The bumpy road -- after you hit a pothole

By Helen Murphy    
February 1 2017

GUYSBOROUGH – Who do you call after your vehicle hits a big pothole and suffers significant damage? That question was on the mind of Jenny Kaiser of Port Bickerton last July 28, when she was driving her motorcycle along the Nine Mile Woods Road.

“There were no signs about a pothole,” the second-year StFX student told The Journal. “I couldn’t even see it until I was right on top of it and it was too late.”

Kaiser, then 18, had a day off from her summer job with the St. Mary’s River Association on that sunny day, so was taking a tour on her bike in the Sherbrooke area, including some roads she didn’t know well.

“I wasn’t going that fast, probably 60. I hit it and I got up and took off my helmet got my phone and called my parents.” She said the bike flipped over and was laying two feet away from her on the pavement.

Soon after, Kenny Langley from Country Harbour came along. He took the phone and told her father exactly where they were. He also called 911. A fire truck, ambulance and police arrived on the scene.

“After Kenny came along he said I had a hole in my arm,” she recalled. “I noticed that blood was dripping from my arm but I didn’t really pay much attention to it because I was more worried about my bike because I had just bought it brand new in the spring...I was pretty upset about it.” The motorcycle was in bad shape, she said.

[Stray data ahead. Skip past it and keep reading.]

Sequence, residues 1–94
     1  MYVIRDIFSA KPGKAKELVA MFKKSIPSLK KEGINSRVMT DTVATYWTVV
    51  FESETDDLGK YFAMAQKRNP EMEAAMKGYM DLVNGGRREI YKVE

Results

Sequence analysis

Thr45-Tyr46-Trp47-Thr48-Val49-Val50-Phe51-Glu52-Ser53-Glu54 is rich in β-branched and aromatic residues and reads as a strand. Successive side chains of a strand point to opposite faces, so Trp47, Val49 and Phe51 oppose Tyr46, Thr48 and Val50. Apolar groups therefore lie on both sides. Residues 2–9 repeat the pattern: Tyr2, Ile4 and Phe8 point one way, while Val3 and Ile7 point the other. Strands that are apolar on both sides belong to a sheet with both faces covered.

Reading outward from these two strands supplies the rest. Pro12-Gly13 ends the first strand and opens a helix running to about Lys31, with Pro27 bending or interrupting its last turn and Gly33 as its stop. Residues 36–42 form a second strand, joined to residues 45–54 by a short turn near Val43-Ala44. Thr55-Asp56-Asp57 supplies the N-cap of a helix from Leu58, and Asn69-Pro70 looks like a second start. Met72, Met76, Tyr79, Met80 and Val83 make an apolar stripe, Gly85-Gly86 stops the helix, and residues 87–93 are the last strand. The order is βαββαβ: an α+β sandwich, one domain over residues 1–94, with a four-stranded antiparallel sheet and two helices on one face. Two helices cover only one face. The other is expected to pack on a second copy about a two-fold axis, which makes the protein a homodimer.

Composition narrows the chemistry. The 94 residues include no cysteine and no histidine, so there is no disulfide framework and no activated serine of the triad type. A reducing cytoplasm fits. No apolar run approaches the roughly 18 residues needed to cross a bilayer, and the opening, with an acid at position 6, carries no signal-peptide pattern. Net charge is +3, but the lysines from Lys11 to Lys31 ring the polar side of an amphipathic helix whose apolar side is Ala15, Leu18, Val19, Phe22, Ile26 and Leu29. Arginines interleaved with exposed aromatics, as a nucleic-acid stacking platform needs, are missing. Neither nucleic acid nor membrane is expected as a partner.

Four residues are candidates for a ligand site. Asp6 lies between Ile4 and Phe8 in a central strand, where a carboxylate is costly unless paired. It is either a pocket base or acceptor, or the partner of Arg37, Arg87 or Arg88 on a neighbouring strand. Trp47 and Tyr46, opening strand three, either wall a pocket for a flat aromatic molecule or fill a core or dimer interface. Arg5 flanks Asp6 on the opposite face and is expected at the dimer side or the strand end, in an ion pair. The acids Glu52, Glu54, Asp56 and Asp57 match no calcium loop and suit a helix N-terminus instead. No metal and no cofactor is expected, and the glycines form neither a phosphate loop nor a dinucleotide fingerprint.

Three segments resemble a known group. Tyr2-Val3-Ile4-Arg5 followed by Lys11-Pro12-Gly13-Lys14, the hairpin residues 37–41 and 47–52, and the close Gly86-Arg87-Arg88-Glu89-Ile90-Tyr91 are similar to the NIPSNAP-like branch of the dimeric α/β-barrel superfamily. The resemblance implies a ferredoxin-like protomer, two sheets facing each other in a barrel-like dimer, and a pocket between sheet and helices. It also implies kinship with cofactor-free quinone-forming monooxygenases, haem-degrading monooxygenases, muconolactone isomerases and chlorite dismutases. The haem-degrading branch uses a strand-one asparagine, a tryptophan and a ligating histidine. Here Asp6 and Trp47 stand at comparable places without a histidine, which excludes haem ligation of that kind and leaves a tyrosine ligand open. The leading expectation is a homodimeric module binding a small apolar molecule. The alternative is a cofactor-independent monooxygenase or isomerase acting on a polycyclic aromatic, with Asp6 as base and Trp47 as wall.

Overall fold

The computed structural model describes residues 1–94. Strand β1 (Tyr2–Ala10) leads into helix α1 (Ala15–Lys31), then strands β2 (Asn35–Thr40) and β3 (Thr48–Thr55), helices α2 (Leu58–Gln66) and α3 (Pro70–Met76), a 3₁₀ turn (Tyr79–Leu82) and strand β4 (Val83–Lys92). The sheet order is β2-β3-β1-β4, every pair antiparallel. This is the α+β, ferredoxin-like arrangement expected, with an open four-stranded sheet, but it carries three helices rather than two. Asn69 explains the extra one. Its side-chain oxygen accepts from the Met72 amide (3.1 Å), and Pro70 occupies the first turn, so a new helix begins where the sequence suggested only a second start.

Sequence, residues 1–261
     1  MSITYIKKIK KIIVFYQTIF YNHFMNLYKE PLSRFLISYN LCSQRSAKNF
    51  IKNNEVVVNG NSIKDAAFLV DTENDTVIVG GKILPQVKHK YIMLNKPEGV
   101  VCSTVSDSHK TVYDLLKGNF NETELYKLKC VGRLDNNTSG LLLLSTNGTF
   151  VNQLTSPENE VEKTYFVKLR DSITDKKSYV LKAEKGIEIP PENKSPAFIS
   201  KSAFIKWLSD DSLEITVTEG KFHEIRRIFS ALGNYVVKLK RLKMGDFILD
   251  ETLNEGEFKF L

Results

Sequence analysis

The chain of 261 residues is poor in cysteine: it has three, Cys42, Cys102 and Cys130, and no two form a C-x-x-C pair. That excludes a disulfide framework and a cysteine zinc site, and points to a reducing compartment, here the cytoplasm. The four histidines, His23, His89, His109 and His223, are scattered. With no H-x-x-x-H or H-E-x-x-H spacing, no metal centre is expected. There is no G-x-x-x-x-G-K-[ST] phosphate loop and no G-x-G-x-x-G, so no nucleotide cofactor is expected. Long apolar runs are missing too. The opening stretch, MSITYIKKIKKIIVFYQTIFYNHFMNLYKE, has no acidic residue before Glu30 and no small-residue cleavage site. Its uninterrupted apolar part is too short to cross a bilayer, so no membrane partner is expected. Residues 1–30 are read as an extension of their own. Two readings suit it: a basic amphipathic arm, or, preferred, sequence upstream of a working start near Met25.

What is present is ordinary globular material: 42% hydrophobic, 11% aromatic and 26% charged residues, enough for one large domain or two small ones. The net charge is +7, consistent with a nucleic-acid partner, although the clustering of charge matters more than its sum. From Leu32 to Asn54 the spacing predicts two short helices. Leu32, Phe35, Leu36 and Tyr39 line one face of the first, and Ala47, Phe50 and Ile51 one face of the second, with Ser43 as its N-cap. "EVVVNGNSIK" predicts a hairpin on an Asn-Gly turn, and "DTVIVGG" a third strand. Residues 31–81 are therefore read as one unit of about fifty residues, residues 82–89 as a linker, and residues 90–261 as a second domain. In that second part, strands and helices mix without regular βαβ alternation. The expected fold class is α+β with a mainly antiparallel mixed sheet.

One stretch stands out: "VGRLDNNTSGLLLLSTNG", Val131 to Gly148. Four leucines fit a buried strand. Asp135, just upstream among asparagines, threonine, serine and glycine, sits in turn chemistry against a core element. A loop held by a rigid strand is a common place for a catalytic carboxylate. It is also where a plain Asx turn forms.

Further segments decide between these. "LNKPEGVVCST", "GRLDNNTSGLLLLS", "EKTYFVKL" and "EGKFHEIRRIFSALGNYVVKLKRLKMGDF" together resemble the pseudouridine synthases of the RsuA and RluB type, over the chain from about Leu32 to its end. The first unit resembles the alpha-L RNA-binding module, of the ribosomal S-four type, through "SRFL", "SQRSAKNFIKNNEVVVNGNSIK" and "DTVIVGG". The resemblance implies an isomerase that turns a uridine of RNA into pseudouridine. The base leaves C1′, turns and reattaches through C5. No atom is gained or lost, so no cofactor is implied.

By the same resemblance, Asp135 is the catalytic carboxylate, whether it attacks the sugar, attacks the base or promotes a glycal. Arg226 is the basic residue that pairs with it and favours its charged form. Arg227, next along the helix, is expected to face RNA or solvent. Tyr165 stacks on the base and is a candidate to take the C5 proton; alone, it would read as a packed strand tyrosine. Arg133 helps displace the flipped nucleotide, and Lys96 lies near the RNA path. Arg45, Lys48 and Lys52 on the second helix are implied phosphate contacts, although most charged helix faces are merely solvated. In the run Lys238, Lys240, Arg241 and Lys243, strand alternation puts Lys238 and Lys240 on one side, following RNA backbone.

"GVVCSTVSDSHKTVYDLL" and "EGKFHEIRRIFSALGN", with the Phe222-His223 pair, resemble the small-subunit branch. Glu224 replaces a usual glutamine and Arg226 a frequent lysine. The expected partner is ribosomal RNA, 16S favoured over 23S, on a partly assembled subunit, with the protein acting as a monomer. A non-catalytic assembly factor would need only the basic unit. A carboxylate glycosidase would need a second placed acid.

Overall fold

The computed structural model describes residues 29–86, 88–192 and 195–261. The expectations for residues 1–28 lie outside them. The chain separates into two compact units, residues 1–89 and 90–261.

Kaiser was brought to St. Martha’s hospital, treated and released.

Her main concern was getting her bike fixed. People suggested to her that the crash was the Dept. of Transportation’s fault, because the road was in disrepair.

“I called the Dept. of Transportation a day or two after the accident, the Antigonish office, and sent an email about putting in a claim.”

Kaiser then went to Ceilidh Honda in New Glasgow for a quote to repair the bike. It would be $3,792 just for parts, she said. “I paid $3,150 for it brand new. So it was basically a write off.”

She submitted a claim to the Dept. of Transportation. The department’s insurance adjuster visited her later in August. Kaiser received a notice on Sept. 20 saying her claim was “rejected completely”.

She then went to legal aid but was turned down for legal representation on the matter.

Kaiser said she ran into Lloyd Hines, MLA for Guysborough-Eastern Shore-Tracadie, at a community event and discussed her predicament. He wanted to help and advised “me to try to go after the claim with the insurance adjuster,” she said.

She said she called the adjuster and they told her she would have to go back to the Dept. of Transportation office where she filed the claim. She did that and “they said there was nothing they could do.

“It was a real run-around...I was really surprised. Going into the Dept. of Transportation office in made me really emotional just talking about it. And then for them to say ‘No, go away’.. It’s kind of rude. They could give me some support, maybe talk about my options.”

Since then Kaiser has been advised by people she knows to get a lawyer, but she’s worried about the cost.

“It’s put me out so much,” she said.